scoundrel


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scoun·drel

 (skoun′drəl)
n.
A villain; a rogue.

[Origin unknown.]

scoun′drel·ly adj.
American Heritage® Dictionary of the English Language, Fifth Edition. Copyright © 2016 by Houghton Mifflin Harcourt Publishing Company. Published by Houghton Mifflin Harcourt Publishing Company. All rights reserved.

scoundrel

(ˈskaʊndrəl)
n
a worthless or villainous person
[C16: of unknown origin]
ˈscoundrelly adj
Collins English Dictionary – Complete and Unabridged, 12th Edition 2014 © HarperCollins Publishers 1991, 1994, 1998, 2000, 2003, 2006, 2007, 2009, 2011, 2014

scoun•drel

(ˈskaʊn drəl)

n.
1. an unprincipled, dishonorable person; villain.
adj.
2. mean or base in nature; villainous; dishonorable.
[1580–90; orig. uncertain]
scoun′drel•ly, adj.
syn: See knave.
Random House Kernerman Webster's College Dictionary, © 2010 K Dictionaries Ltd. Copyright 2005, 1997, 1991 by Random House, Inc. All rights reserved.
ThesaurusAntonymsRelated WordsSynonymsLegend:
Noun1.scoundrel - a wicked or evil personscoundrel - a wicked or evil person; someone who does evil deliberately
unwelcome person, persona non grata - a person who for some reason is not wanted or welcome
blackguard, bounder, cad, hound, heel, dog - someone who is morally reprehensible; "you dirty dog"
gallows bird - a person who deserves to be hanged
knave, rapscallion, rascal, rogue, varlet, scalawag, scallywag - a deceitful and unreliable scoundrel
villainess - a woman villain
Based on WordNet 3.0, Farlex clipart collection. © 2003-2012 Princeton University, Farlex Inc.

scoundrel

noun (Old-fashioned) rogue, bastard (informal, offensive), villain, mother, heel (slang), cheat, shit (taboo slang), bugger (taboo slang), swine, rascal, son-of-a-bitch (slang, chiefly U.S. & Canad.), asshole (U.S. & Canad. taboo slang), scally (Northwest English dialect), turd (taboo slang), wretch, incorrigible, motherfucker (taboo slang, chiefly U.S.), knave (archaic), rotter (slang, chiefly Brit.), ne'er-do-well, reprobate, scumbag (slang), good-for-nothing, miscreant, scamp, bad egg (old-fashioned informal), blackguard, cocksucker (taboo slang), scapegrace, asswipe (U.S. & Canad. taboo slang), caitiff (archaic), dastard (archaic), skelm (S. African), wrong 'un (informal) He is a lying scoundrel.
Collins Thesaurus of the English Language – Complete and Unabridged 2nd Edition. 2002 © HarperCollins Publishers 1995, 2002
Translations
وَغْد، نَذْل
gaunerničema
slyngel
òrjótur
nelietis
rezil kimse

scoundrel

[ˈskaʊndrəl] Nsinvergüenza mf
Collins Spanish Dictionary - Complete and Unabridged 8th Edition 2005 © William Collins Sons & Co. Ltd. 1971, 1988 © HarperCollins Publishers 1992, 1993, 1996, 1997, 2000, 2003, 2005

scoundrel

[ˈskaʊndrəl] nvaurien m
Collins English/French Electronic Resource. © HarperCollins Publishers 2005

scoundrel

n (dated)Schurke m; → Bengel m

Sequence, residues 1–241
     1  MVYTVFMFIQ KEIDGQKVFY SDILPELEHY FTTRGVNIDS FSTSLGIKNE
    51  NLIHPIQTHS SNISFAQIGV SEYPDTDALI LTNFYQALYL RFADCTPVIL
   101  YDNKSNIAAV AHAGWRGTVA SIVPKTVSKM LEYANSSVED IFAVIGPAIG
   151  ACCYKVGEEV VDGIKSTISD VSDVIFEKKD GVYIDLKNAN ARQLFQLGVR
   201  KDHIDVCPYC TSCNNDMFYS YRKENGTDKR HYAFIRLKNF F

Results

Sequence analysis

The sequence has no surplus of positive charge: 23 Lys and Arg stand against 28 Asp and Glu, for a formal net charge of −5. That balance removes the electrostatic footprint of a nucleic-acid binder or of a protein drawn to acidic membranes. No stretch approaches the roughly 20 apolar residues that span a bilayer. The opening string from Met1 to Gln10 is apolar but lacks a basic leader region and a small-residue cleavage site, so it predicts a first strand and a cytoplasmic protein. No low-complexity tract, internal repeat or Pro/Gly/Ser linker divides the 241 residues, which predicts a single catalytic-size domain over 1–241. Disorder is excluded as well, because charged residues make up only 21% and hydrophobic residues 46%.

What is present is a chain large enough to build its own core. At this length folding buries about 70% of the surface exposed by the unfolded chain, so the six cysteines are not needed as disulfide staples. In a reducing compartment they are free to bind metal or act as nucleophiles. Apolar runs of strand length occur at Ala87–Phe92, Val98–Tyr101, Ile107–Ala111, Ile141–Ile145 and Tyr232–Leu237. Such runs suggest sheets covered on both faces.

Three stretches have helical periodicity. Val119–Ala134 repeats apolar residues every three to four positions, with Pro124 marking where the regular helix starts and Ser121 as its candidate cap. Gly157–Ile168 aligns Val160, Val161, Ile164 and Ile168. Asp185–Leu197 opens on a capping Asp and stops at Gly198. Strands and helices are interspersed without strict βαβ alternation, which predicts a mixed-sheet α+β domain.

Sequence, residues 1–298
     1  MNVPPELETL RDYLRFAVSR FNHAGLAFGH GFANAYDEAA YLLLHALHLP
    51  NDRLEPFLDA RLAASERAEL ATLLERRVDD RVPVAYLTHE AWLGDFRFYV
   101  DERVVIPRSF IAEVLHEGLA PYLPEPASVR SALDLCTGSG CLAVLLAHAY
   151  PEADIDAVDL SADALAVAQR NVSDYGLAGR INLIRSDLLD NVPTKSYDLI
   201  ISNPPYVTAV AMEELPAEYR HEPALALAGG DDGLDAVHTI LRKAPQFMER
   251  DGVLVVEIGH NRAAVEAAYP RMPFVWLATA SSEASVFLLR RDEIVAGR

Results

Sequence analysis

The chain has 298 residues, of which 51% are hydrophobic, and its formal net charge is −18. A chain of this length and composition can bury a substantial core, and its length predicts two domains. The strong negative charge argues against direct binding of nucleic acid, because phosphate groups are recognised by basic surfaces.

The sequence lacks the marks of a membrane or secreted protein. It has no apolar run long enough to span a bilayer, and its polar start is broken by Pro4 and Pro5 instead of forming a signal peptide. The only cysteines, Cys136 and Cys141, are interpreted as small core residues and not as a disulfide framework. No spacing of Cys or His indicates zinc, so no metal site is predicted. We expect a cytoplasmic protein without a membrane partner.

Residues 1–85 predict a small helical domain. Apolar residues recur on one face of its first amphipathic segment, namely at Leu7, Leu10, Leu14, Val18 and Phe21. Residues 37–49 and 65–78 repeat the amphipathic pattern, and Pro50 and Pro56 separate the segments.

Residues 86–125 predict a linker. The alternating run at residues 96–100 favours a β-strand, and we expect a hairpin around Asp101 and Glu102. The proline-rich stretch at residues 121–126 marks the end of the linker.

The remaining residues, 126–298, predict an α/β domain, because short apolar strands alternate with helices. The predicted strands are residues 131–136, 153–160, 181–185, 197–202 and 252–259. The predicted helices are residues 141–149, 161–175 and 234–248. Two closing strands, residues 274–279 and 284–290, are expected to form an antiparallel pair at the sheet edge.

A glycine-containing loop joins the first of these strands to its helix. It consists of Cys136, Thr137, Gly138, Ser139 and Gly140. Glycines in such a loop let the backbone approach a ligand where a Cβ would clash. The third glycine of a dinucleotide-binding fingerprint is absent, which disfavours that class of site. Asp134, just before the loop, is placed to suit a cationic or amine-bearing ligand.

Collins German Dictionary – Complete and Unabridged 7th Edition 2005. © William Collins Sons & Co. Ltd. 1980 © HarperCollins Publishers 1991, 1997, 1999, 2004, 2005, 2007

scoundrel

[ˈskaʊndrl] n (old) → canaglia, furfante m/f (hum) (child) → furfantello/a, birba
Collins Italian Dictionary 1st Edition © HarperCollins Publishers 1995

scoundrel

(ˈskaundrəl) noun
a very wicked person. She knew he was a scoundrel even before she married him.
Kernerman English Multilingual Dictionary © 2006-2013 K Dictionaries Ltd.
References in classic literature ?
"Oh," cried the Farmer with his last breath, "I am rightly served for pitying a scoundrel."
"I always told your poor father my son was a Fool, but I never knew he was a Scoundrel until the mail came in from China.
If I refuse the black scoundrel's request, there is no doubt but what he will make short work of me with the result that the machine will lie here until it rots.
We made a play at holding a court, and Telepasse, the old scoundrel, accepted the findings.
'You scoundrel!' said John Harmon, whose seafaring hold was like that of a vice.
Disgrace the whole regiment because of one scoundrel? Is that how you look at it?
The scoundrel pretended to be rich and claimed the right of taking her back to Louisville.
Don't fancy it, impious scoundrel, for that beyond a doubt thou art, since thou hast set thy tongue going against the peerless Dulcinea.
"That you are a coward and a scoundrel, monsieur," replied Tarzan, "is all that I care to know of you," and he turned to ask the girl if the man had hurt her, but she had disappeared.
"He probably had Jacinto, or some of that unprincipled scoundrel's friends, show him a short route to Copan and he came on from there."
The sums are the scoundrel's share, and where he feared an ambiguity, you see he added something clearer.
"Yes, it must be the work of some scoundrel ashore," I observed.